Innovation in the banking sector has proven its value to society during the COVID-19 crisis. For example, during times of physical distancing, enabling contactless banking and offering bank employees the possibility to work remotely were particularly relevant. Looking to the future at a post-COVID, post-Brexit world, it’s time to reflect on how the sector has adjusted, the sweeping changes ahead and the challenges those changes present.
The burden of legacy tech
The number of regulators and ever-changing regulations can make the financial services industry a daunting place. Changes must be implemented quickly to ensure compliance and avoid significant fines. This means that IT delivery in a financial institution is often more complex and nuanced than in less regulated industries. Many organizations, particularly the more traditional banks, run on legacy monoliths that aren’t easy to make changes to. Such changes carry the risk of causing outages that can damage the reputation of the bank and can also incur fines. Just last month, Nationwide received negative press because of a payments outage around the time that many get paid and pay their bills.
Can a financial institution risk being left behind by not migrating off legacy systems?
Many banks try to reduce the risk of such outages at critical times of year, usually end of month, quarter, and year, by establishing “frozen-zones” that limit changes to IT systems to only those deemed as essential to the stability of the systems. Additionally, the appetite to replace legacy systems is very low due to the huge complexity and inherent risk involved – often the famous adage applies “if it isn’t broken, don’t fix it”. But you have to ask, can a financial institution risk being left behind by not migrating off legacy systems?
Seeing off nimble fintechs
The pandemic showed how vital digital transformation is for every industry – people needed remote access to services, products, and their jobs. In the financial industry, the consumer-facing part is generally quite far in the digitalization journey, with most customers able to access online and mobile banking. Not so with corporate banking and internal employee access to systems. But according to McKinsey, in the case of remote working, companies moved 40 times more quickly than they thought possible before the pandemic. And the expectation is that the digital transformation journey will continue this acceleration.
In the past, accelerating digital transformation has required large teams of developers working non-stop on a single project for months. The pandemic highlighted that this was simply not sustainable. Tech teams need to be able to juggle between projects, adjusting their priorities as and when required. To do so, they require a different approach to their delivery.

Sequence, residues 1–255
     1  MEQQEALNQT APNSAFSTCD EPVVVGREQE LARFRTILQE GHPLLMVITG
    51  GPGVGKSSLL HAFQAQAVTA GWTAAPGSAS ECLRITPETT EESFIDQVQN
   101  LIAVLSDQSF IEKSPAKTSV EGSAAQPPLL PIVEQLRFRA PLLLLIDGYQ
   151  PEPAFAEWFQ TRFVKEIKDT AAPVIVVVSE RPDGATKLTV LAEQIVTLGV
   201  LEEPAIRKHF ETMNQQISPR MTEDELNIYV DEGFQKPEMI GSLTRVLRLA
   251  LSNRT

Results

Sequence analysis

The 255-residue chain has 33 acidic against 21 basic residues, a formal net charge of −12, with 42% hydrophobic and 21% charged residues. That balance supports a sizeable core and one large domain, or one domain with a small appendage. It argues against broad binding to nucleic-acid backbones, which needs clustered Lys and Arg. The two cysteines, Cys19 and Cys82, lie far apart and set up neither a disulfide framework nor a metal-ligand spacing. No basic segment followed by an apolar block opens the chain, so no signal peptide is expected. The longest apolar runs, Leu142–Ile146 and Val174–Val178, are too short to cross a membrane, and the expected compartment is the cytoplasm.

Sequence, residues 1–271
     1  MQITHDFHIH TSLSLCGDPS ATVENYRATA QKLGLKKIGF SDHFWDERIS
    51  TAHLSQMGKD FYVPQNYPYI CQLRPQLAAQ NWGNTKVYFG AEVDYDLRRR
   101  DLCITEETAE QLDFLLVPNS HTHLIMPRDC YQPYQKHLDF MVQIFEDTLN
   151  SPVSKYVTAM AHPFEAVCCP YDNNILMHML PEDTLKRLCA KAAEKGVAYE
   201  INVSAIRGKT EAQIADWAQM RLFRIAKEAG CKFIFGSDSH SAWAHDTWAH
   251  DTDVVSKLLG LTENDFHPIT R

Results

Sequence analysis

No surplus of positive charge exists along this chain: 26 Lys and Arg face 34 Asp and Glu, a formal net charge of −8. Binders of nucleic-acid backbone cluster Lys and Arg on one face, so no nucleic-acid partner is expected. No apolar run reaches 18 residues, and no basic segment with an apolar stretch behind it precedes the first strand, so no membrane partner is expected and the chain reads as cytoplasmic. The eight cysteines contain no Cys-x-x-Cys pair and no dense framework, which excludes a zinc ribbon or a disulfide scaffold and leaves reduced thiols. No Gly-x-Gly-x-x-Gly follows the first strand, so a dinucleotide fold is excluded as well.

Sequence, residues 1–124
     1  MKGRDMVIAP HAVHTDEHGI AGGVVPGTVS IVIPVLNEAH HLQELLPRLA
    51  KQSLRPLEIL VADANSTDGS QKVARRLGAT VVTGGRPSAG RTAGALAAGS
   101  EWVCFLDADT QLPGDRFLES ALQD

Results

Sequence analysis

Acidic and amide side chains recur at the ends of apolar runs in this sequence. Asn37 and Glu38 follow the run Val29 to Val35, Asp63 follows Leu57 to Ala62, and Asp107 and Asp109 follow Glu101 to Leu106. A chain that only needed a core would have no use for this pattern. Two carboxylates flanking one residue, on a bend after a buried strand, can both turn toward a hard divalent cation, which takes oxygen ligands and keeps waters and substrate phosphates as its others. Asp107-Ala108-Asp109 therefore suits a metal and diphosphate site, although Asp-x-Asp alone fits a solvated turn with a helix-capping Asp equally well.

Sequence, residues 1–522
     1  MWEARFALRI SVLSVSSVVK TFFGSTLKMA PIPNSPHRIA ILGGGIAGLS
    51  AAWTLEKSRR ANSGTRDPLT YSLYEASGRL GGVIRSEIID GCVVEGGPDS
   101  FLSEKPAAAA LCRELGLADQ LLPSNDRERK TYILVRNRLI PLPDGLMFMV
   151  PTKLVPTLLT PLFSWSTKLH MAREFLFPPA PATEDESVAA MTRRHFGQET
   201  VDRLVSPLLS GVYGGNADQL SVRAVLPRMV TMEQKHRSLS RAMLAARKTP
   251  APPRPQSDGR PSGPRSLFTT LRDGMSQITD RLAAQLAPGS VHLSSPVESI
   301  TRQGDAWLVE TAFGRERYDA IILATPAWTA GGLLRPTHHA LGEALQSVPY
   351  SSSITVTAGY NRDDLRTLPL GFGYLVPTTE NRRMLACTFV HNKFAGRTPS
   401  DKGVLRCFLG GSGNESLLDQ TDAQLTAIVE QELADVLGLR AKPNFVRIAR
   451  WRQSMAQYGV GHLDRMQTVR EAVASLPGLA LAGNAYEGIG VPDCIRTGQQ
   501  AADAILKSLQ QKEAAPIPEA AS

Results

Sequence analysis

Nine out of 10 IT leaders in financial services believe their firm will need to invest in digital projects over the next two years just to survive in a rapidly changing market.
Low-code provides a compelling answer to this new problem. Low-code platforms enable even the most traditional banks and financial services companies to rival the nimbleness of their fintech rivals. The time to act is now: recent Mendix research found that nine out of 10 IT leaders in financial services believe their firm will need to invest in digital projects over the next two years, just to survive in a rapidly changing market.
The value of low-code
Many banks in Europe have turned to cross-functional, agile teams to provide the collaboration needed to develop the solutions that answer customer needs and drive revenue growth. This requires providing both developers and non-developers with tools that enable them to operate together. And financial institutions that haven’t implemented such agile methods still recognize the value of close collaboration between business and IT.
The Mendix low-code platform is a recognized market leader because it fosters this collaboration by providing two integrated development environments: one for non-technical people, often from the business side, and another for pro developers. This enables non-technical staff to work hand in hand with the development team in creating applications.
Both the technical and non-technical teams use the same visual development language to develop apps, bringing together those that understand the business problems with those that understand the IT landscape, core systems, and services to contribute to the vision of a product. And IT stays in control through built-in governance and guardrails that ensure compliance to the established standards of the organization.
It seems set that low-code will play a vital role in the financial services industry in accelerating digital transformation and increasing the speed of innovation.